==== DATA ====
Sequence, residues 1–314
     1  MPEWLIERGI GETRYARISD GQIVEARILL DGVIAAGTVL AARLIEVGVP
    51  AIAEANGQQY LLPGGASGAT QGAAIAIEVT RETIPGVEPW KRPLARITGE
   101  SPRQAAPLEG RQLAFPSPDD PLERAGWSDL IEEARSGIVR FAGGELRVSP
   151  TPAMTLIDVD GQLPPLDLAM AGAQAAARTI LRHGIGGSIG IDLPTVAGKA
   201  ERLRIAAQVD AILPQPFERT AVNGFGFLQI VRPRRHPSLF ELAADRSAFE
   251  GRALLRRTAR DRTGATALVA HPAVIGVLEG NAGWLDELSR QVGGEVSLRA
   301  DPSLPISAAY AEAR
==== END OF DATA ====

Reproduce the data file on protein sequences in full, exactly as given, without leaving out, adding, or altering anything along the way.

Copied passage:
Sequence, residues 1–314
     1  MPEWLIERGI GETRYARISD GQIVEARILL DGVIAAGTVL AARLIEVGVP
    51  AIAEANGQQY LLPGGASGAT QGAAIAIEVT RETIPGVEPW KRPLARITGE
   101  SPRQAAPLEG RQLAFPSPDD PLERAGWSDL IEEARSGIVR FAGGELRVSP
   151  TPAMTLIDVD GQLPPLDLAM AGAQAAARTI LRHGIGGSIG IDLPTVAGKA
   201  ERLRIAAQVD AILPQPFERT AVNGFGFLQI VRPRRHPSLF ELAADRSAFE
   251  GRALLRRTAR DRTGATALVA HPAVIGVLEG NAGWLDELSR QVGGEVSLRA
   301  DPSLPISAAY AEAR